The design for this indoor DIY log holder is simple, but allows you to keep your firewood off the floor and see just how much firewood you have before you have to run out and get some more! It features the Simpson Strong-Tie® RTU2 connectors, which are made from galvanized steel for extra corrosion resistance. Keep the natural look of the wood and steel connectors or you can customize your own log holder with paint or varnish. Make sure to read how to paint Simpson Strong-Tie connectors here for tips.

The building plans for this DIY log holder are intended for indoor use, but you can use cedar or redwood to build this firewood holder for outdoor use. Cedar and redwood are naturally resistant to rotting and decay. The nice thing about these building plans is that you can customize your DIY firewood rack for your own needs. You can make a smaller log holder or build a bigger one. Just measure the average size of your logs and the space that you are planning to store your log holder. This will help you adjust the building plans to suit your space.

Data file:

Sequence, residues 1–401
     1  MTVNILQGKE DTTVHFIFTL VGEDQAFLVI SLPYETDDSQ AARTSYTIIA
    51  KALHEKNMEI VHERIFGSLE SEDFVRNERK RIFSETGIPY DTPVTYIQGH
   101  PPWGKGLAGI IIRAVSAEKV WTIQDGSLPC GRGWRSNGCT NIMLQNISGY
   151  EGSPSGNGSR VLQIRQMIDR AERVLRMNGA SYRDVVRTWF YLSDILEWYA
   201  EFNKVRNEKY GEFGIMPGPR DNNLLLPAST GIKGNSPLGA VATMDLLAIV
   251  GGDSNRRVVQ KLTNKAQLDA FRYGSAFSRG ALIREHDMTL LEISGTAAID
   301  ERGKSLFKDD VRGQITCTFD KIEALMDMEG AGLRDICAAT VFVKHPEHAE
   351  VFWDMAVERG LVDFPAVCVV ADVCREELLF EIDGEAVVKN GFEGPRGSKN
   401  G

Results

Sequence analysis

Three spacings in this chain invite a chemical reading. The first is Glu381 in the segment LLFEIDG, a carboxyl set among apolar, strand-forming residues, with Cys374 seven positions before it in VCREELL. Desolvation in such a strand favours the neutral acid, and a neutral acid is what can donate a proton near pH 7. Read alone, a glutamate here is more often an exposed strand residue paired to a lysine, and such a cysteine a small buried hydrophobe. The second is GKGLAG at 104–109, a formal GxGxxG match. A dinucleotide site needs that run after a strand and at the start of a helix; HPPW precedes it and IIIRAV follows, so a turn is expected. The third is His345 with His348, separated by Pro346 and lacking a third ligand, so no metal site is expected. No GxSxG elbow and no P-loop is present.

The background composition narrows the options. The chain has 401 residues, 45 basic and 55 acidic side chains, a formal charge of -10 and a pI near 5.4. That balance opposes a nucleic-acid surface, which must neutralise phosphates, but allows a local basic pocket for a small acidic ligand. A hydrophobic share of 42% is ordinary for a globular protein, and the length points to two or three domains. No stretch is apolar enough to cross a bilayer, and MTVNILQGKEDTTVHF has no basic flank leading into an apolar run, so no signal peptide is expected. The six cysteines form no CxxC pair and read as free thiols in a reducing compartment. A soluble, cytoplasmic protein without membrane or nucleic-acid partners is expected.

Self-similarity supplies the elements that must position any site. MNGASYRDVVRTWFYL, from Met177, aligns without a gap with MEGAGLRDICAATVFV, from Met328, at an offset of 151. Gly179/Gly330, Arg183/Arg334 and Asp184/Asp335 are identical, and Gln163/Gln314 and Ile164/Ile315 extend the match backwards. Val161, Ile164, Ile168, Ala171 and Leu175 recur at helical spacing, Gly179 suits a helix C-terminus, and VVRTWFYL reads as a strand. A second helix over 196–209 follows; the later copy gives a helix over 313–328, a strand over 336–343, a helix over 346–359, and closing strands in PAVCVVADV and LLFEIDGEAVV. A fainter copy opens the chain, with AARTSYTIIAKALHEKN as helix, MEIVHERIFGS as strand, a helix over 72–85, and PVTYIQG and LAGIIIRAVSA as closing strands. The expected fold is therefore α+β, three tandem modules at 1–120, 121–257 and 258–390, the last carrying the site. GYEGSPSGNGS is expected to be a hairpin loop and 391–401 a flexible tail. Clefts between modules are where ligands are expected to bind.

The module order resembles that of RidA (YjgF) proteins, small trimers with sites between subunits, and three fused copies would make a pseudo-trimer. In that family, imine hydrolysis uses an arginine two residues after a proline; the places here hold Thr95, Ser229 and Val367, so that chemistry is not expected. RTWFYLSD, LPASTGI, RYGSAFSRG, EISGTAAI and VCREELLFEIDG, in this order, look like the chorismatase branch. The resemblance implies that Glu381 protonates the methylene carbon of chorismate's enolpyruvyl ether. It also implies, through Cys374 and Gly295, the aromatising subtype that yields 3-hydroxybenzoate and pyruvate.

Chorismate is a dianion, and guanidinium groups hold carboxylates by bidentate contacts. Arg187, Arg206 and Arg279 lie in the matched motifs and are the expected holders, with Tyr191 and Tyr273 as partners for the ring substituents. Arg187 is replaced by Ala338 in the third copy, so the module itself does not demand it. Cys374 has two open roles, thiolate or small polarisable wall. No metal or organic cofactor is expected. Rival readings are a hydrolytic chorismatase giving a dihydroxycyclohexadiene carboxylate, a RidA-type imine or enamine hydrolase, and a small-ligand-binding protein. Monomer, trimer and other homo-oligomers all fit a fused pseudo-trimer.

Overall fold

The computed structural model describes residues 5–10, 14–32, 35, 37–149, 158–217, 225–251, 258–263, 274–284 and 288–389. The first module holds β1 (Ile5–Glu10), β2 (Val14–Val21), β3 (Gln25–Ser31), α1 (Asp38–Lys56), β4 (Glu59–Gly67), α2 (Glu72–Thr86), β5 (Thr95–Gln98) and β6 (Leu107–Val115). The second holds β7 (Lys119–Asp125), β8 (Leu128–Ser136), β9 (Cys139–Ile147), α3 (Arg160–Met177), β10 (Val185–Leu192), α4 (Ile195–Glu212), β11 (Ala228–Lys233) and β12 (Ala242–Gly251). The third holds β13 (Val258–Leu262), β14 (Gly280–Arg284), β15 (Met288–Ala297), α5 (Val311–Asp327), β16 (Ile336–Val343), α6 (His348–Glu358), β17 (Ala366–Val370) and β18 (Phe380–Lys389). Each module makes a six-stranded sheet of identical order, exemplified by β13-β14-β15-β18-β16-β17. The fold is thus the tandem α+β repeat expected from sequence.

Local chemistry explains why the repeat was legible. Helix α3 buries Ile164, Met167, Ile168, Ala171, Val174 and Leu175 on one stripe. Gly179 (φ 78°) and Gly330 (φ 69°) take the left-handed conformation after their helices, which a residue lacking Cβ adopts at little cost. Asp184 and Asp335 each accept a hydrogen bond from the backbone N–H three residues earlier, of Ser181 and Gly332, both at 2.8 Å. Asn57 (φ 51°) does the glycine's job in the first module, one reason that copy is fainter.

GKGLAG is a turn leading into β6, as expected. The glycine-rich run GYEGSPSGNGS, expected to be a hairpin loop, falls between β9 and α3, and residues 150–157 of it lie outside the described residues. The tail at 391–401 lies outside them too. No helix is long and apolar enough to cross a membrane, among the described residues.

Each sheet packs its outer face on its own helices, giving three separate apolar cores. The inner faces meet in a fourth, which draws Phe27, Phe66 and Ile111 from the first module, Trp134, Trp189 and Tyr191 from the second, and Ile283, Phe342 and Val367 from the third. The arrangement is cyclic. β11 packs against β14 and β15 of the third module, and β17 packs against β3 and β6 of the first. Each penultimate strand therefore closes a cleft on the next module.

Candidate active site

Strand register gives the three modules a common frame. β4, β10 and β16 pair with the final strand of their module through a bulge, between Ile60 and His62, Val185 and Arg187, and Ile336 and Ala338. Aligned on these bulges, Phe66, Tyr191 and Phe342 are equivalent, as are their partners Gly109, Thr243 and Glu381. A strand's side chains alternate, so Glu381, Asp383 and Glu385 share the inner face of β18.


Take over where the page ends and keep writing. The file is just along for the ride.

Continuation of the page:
Are you ready to cozy up in front of your fireplace? Are you planning to build any DIY projects for winter? Let us know in the comments below.

Happy Thanksgiving

Posted: November 21, 2016

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We are very thankful to have such faithful readers. We wish you and your families a wonderful holiday week. Stay tuned next week for our regularly scheduled blog posts.

What Tools Do I Need to Build a DIY Bar Cart?

Posted: November 14, 2016

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From cocoa bar carts to lemonade bar carts, you can use a DIY bar cart for a lot of different things. If you are a long-time reader of our blog, then you know that we have a little bit of a love affair with bar carts here at Simpson Strong-Tie. One of the reasons that we love DIY bar carts is that it is such a versatile piece of furniture. We have an office bar cart that we use on a seasonal basis for team building and we love it! Two summers ago, we had a lemonade bar with our bar cart. Do you want to build a DIY bar cart, but you don’t know where to start?

Here is a list of tools to help you get started:

Saw

You need a saw in order to cut the wood to the specifications in the DIY bar cart building plans. Most beginner DIYers start off with an affordable circular saw. If you are an intermediate DIYer, you can also use a miter saw too. A miter saw allows you to make angled cuts.

One of the best tips that I learned as a newbie to DIY is that most home centers like Home Depot will actually make courtesy wood cuts for you, or you can rent a saw first so that you can try it out before you make a big investment.

Drill/Screw gun and #2 Phillips drill bit